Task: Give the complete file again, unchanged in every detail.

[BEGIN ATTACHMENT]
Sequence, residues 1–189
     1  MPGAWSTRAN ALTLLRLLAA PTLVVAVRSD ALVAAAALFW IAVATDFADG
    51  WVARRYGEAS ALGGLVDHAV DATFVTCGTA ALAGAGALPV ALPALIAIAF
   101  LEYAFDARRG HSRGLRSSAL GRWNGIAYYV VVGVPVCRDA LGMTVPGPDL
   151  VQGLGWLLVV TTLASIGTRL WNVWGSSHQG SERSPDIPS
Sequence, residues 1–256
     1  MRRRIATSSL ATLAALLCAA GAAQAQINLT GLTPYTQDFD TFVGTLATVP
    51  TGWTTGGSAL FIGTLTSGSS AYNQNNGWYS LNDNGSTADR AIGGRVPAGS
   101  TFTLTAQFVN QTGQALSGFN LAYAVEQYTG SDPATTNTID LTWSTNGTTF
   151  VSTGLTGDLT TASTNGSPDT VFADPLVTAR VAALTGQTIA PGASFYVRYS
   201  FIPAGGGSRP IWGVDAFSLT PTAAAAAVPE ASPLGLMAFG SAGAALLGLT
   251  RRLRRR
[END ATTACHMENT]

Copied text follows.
Sequence, residues 1–189
     1  MPGAWSTRAN ALTLLRLLAA PTLVVAVRSD ALVAAAALFW IAVATDFADG
    51  WVARRYGEAS ALGGLVDHAV DATFVTCGTA ALAGAGALPV ALPALIAIAF
   101  LEYAFDARRG HSRGLRSSAL GRWNGIAYYV VVGVPVCRDA LGMTVPGPDL
   151  VQGLGWLLVV TTLASIGTRL WNVWGSSHQG SERSPDIPS
Sequence, residues 1–256
     1  MRRRIATSSL ATLAALLCAA GAAQAQINLT GLTPYTQDFD TFVGTLATVP
    51  TGWTTGGSAL FIGTLTSGSS AYNQNNGWYS LNDNGSTADR AIGGRVPAGS
   101  TFTLTAQFVN QTGQALSGFN LAYAVEQYTG SDPATTNTID LTWSTNGTTF
   151  VSTGLTGDLT TASTNGSPDT VFADPLVTAR VAALTGQTIA PGASFYVRYS
   201  FIPAGGGSRP IWGVDAFSLT PTAAAAAVPE ASPLGLMAFG SAGAALLGLT
   251  RRLRRR